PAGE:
“Yes, this is the right office, but you must go to the Banco Nacional and pay 10,000 colones each before I can renew these driver’s licenses,” said the nice man behind the glass partition separating us. “And anyway, our system is down right now. I won’t be able to do anything for you today.”
This was something new; not the fact that the system was down, that was common enough. It was the fact that he told me about it so I didn’t make a second trip after paying at the bank that was so remarkable. This, in my estimation, is real progress and I told him so.
“Thank you so much for telling me.”
“Con mucho gusto,” he replied as we left the MOPT office.
Alan and I had been eyeing at our driver’s licenses for the past month, aware that they would need to be renewed this month, with the same anticipation as an upcoming colonoscopy.
It was our first trip to the MOPT (the equivalent of the DMV) office outside Limon. Finding it had been no simple task. We asked in town and were directed out past the prison, and further out beyond the truck yards, where containers were stacked like oversized Legos, and finally behind the bus yards for TRACASA, through a chain link gate with the rusted and barely visible sign reading MOPT, to ultimately find the transportation department offices.
We bounced our way over the rough gravel entrance and finally arrived at a group of rundown buildings that used to be blue. Out back was a chain link fence surrounding the impounded vehicles like some vehicular gulag. We parked and walked to the building entrance where we found the familiar socialistic line of people standing idly, leaning against anything vertical for support, most of them twiddling their cellular phones.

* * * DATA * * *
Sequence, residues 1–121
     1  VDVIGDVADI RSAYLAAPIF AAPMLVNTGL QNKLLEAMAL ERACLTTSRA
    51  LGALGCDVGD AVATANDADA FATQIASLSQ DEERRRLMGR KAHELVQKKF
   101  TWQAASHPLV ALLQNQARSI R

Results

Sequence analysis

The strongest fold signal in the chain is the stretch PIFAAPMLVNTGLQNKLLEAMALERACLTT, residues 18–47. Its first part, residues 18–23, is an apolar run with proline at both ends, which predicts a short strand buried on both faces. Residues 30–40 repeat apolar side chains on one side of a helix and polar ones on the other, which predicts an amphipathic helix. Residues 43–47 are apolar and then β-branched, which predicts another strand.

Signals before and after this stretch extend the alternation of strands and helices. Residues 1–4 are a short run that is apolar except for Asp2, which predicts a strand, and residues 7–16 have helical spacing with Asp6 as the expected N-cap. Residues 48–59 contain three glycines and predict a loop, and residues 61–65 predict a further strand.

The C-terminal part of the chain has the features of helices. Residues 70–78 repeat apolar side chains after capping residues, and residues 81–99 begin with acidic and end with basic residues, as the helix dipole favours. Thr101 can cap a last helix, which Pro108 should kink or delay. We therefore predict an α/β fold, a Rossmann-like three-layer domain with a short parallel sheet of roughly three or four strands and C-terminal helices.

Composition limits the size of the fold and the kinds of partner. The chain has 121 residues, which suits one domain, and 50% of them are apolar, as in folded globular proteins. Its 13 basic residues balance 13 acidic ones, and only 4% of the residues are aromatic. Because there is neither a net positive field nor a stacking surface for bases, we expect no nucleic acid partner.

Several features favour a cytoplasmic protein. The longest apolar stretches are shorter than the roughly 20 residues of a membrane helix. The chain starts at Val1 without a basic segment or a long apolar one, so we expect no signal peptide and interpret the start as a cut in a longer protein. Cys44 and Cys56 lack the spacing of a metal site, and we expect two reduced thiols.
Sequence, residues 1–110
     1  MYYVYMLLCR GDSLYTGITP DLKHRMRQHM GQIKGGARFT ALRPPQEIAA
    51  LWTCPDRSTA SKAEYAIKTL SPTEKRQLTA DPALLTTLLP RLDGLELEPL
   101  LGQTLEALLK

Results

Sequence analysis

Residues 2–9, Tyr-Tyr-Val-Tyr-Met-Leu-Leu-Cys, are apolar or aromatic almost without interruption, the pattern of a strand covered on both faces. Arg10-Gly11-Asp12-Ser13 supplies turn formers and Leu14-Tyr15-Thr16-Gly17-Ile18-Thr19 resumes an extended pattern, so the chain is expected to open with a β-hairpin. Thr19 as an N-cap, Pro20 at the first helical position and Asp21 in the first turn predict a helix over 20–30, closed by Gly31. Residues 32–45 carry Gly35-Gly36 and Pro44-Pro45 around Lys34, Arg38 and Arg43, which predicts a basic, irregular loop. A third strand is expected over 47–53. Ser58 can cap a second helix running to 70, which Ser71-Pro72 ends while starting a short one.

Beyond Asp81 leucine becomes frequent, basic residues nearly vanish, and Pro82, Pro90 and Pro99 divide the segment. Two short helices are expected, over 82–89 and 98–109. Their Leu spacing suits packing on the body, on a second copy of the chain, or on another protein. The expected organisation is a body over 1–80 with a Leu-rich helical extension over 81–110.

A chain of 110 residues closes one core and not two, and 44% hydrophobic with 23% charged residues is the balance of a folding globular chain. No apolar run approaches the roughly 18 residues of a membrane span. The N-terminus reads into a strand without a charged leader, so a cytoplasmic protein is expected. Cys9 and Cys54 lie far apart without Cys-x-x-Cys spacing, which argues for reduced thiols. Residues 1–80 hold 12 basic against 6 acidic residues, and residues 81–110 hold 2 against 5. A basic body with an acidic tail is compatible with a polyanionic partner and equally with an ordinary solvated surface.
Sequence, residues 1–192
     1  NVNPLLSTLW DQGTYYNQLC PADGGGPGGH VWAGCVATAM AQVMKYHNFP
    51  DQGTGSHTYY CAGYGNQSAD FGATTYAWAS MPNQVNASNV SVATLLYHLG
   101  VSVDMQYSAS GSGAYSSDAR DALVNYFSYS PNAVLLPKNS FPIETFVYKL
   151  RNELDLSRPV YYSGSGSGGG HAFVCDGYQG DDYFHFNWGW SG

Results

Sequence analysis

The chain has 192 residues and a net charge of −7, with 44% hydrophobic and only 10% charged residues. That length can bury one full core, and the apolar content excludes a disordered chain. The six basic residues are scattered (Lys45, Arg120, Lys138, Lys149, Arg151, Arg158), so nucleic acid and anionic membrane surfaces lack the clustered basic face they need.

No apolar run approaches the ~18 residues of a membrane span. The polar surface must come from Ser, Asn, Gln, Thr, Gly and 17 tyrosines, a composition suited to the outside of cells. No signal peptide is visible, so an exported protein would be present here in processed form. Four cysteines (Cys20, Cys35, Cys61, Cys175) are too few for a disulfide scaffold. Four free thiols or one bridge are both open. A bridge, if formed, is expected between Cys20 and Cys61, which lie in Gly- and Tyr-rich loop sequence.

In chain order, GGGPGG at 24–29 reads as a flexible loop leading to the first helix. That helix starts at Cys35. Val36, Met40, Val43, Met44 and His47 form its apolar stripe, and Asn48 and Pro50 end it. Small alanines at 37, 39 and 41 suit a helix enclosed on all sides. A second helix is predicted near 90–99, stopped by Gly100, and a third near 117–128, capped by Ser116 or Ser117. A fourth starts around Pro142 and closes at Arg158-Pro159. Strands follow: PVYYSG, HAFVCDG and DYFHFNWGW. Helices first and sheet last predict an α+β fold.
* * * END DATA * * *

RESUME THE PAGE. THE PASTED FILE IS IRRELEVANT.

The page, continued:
“Is this the line?” I asked the woman in the tight black lyrca pants at the end, to which I received a jutted jaw as she pointed with her lips toward the inside of the building. We entered the grubby office and found two windows, both without any line in front of them. Surely it couldn’t be this easy.
The man in the first cubicle informed me that I needed to speak to the gentleman behind the second window, who was idle as well. It was this man who told me about the failed system and the bank.
In the old days–a mere ten years ago– they would never have given us the secondary information. It was as though they got some morbid glee out of making a person make multiple trips to get anything done. I believe Franz Kafka took his training in places like this.
We left and drove the five miles back to Limon to pay the fee at the bank. The line stretched down the block as people waited for the bank to open. I realized it was not only a Monday, but also the first of the month and we were going to be hours waiting for people to get their pensions, make their weekly deposits and whatever other business they felt the need to conduct.
Ah, another dead-end in one of the many labyrinthine routes to a fairly innocuous chore. I left and we went about getting other chores done. It then occurred to me that perhaps our own bank, the Banco de Costa Rica, might have an account with MOPT and we went to that bank. Same deal, but I persevered and entered. I went to one of the ubiquitous armed guards that are in every bank and increasingly in every business that handles cash.
“Hi. Can you tell me if the bank has an account with MOPT. I need to pay for my license renewal.” I said, giving him my best smile.
“Let me see your license.” I handed him my driver’s license.
“You can’t renew this now. It’s not expired yet. See, the expiration date is on the 13th. Come back on the 14th.”
“Sir, the license will be expired by then and the police will give us a ticket. I just need to know if the bank has an account with MOPT” I could feel my jaw getting tight. Try to smile, I reminded myself.
“Here is the telephone number, you have to make an appointment.” Defeated I left with the phone number.
On the way home I called the number he had given me using my cell phone. No, I did not need an appointment; I could go directly to the MOPT office. Yes, I could pay at the bank.
We went home stopping off at our local branch office and paid for our renewal. It was during this transaction that I learned I could have done this online myself and the name of the agency was COSEVI not MOPT. Oh, well.
We were half way to being renewed: We had receipts showing we had paid, but still had expired licenses.
(to be continued)